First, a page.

As can be seen in Table 2 above even the lowest power version of the LTE Cat 4 device uses significantly more power than the lowest power LTE Cat 1 Device.
In addition to your primary decision around speed and power consumptions there are other concerns to consider. Both LTE Cat 1 and LTE Cat 4 can cover the majority of frequency bands and it will be necessary to select the model required for the specific region of deployment as globally there are 72 bands with no device capable of covering them all. Selection will be by territory. See table 3:
Connection to OEM equipment needs some thought, most modems offer RS232 interfaces which is supported by new and legacy equipment in the field, some have a parallel ports and additionally some provide general purpose interface (GPIO). Most have built in readers for a SIM card and socket connections for external antennas, usually by SMA. They have a status LED and power connection either fixed or plug in. All modems have an interface for setting up and generally this is through the RS232 port or can be remotely using a web browser and the device communicating through an internet connection. Additionally, some devices communicate directly using Linux or Windows CE and can be integrated into the user equipment software. This can save time and cost.
As described LTE Cat 4 devices generally have more user interfaces such as GPIO, ADC (Analog to Digital Convertor) and additional serial ports. Table 4 below is a comparison of 2 such devices.
Making the decision on which device to select is made easier using Siretta’s Modem Selector Tool. Siretta has various models available for LTE Cat 1, both the low power ZETA-NSP-LTE1 and ultra low power ZETA-NLP-LTE1, in addition to LTE Cat 4 with the high performance ZETA-N-LTE, ZETA-NEP-LTE4 with GPIO, secondary serial port & ADC and ZETA-GEP-LTE4 with GPIO, secondary serial port, ADC & GNSS. The ZETA range of products also provide backwards compatibility to the existing European 3G / UMTS and 2G / GSM cellular networks.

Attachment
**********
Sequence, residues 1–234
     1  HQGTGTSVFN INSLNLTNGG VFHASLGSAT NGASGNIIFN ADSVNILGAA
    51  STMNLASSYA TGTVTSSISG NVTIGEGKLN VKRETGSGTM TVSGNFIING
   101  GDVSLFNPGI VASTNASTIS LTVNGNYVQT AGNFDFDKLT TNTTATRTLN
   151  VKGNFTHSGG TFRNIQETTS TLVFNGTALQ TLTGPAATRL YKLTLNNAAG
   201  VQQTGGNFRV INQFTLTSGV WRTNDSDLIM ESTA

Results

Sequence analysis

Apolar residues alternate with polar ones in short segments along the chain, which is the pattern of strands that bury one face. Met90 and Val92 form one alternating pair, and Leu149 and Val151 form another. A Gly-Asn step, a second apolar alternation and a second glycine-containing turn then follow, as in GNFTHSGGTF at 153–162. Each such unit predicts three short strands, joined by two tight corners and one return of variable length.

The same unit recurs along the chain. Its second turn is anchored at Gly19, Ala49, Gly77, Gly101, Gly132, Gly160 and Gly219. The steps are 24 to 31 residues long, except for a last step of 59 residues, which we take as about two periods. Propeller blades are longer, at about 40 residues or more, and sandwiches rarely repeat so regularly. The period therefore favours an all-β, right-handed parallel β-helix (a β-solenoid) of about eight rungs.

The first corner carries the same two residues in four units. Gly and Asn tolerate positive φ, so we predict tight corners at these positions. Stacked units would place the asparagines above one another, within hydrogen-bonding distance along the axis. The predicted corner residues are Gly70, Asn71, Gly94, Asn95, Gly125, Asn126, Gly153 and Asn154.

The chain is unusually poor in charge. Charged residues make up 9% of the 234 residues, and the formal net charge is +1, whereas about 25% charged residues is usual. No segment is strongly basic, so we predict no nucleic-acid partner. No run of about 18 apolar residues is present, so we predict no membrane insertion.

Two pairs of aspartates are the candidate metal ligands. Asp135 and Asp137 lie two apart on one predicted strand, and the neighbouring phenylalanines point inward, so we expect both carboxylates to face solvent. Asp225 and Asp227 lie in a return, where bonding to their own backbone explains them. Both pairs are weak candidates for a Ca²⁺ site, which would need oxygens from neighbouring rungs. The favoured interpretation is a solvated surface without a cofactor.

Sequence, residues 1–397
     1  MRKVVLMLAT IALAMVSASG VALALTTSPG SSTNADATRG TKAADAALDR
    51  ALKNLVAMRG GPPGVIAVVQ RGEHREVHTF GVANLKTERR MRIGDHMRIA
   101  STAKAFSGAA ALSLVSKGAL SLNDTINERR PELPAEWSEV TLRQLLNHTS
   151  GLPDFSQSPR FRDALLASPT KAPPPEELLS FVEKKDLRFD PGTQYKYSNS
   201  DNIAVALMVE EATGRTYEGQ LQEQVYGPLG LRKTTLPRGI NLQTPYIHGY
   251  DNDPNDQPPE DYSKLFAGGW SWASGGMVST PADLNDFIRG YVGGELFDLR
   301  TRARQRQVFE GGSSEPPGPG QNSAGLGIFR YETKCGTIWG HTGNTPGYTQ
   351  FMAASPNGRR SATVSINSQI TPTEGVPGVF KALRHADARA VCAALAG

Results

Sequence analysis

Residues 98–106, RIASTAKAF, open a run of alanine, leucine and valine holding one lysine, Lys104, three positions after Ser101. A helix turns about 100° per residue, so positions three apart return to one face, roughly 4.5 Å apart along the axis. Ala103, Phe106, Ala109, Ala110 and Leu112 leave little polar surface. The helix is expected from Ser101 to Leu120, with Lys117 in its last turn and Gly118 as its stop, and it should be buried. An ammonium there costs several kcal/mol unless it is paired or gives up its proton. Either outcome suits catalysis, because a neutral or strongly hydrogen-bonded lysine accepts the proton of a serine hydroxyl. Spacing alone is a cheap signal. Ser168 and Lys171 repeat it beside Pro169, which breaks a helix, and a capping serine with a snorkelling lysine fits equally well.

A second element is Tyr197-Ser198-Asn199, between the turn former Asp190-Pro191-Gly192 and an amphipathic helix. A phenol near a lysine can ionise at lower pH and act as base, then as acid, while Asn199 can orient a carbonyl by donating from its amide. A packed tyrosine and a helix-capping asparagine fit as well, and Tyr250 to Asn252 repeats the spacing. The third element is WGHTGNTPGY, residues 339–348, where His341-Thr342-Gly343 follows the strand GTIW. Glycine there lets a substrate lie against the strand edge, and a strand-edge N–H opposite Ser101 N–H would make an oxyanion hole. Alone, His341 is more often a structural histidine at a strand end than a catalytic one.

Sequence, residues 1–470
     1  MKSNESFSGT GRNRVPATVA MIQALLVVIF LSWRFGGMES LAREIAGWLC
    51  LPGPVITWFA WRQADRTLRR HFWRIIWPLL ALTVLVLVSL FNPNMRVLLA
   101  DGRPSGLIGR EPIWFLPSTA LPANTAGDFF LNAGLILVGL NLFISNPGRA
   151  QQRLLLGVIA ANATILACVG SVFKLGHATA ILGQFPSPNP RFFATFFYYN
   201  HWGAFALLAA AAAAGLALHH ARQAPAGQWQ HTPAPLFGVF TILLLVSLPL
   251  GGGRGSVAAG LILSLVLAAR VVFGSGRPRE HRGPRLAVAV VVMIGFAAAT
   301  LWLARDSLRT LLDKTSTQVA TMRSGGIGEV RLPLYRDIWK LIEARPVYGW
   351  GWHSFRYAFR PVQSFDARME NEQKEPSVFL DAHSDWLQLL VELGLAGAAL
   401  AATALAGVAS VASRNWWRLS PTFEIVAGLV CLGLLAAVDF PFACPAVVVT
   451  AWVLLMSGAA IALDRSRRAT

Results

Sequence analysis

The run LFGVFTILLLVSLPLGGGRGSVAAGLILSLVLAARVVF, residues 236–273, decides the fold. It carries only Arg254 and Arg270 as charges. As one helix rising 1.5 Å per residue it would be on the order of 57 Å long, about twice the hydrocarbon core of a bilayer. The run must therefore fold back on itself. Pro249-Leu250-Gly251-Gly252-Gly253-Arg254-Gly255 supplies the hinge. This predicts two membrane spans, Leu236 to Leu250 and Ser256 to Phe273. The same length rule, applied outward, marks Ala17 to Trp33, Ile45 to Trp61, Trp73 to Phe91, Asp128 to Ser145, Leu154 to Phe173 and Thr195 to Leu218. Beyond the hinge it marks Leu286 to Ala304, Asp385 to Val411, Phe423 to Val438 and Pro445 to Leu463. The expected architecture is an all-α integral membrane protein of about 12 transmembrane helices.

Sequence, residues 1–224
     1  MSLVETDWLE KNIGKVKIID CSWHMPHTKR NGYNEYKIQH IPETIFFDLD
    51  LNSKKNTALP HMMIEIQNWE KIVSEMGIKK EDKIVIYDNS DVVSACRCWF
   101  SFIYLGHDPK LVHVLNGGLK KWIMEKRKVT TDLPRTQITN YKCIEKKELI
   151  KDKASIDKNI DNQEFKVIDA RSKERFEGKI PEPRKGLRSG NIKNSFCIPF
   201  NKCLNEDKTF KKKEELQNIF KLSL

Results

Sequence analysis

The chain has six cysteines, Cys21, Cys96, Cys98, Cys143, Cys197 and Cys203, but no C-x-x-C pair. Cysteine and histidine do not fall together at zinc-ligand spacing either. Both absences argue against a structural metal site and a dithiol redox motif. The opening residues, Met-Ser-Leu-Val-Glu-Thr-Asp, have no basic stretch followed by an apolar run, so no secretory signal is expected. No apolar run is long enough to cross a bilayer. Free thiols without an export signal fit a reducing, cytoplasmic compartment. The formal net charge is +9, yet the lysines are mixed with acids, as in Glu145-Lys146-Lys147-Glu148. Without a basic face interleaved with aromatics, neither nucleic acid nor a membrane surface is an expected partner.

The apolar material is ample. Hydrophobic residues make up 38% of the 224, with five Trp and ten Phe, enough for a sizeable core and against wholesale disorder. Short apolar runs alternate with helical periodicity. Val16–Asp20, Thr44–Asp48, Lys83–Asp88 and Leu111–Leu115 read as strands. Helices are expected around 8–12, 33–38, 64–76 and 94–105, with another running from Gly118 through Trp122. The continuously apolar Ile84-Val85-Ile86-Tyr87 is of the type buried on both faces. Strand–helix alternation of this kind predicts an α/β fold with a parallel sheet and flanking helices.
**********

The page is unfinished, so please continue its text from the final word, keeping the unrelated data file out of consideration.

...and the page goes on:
The selection between LTE Cat 1 and LTE Cat 4 is almost always predetermined by the application and data rate requirements. As seen in many typical IoT solutions the data packages are typically small with power consumption remaining a primary factor. Although there are 14 iterations under the 3GPP, LTE Cat 1 and LTE Cat 4 remain the nearest equivalent to LPWAN and will continue to be a critical component of the cellular solutions within the IoT space. Additionally, by being part of a licensed band it is expected that QoS (quality of service) and SLA’s (service level agreements) will ensure a more robust answer to your connectivity requirements both now and moving forwards in an ever competing market.
The solution architect of course still retains a significant degree of influence on the standards used and by choosing to use lower data rates they can reduce costs in elements such as airtime. It is however worth a note that lower bandwidths can potentially reduce quality or increase the time of transmission.
Once the decision on data has been made, the user can determine how feature rich the interface will be. For some users it may still be necessary to choose LTE Cat 4 even with lower data rate requirements to gain GPIO or additional inputs required for their technology stack. Alternatively LTE Cat 4 can offer benefits on power usage for transmitting large files compared with LTE Cat 1.
Siretta are a leading manufacturer and developer of IoT products, IoT software and IoT solutions with a specialty in providing these for Industrial markets and business to business applications. Siretta have extensive knowledge and experience within IoT with a focus on cellular technologies in support of 2G (GPRS), 3G (UMTS), 4G (LTE), NB-IoT and LTE Category M. Products include cellular modems & terminals, routers, cellular network analysers, RF antennas, RF adapters and low loss RF cables.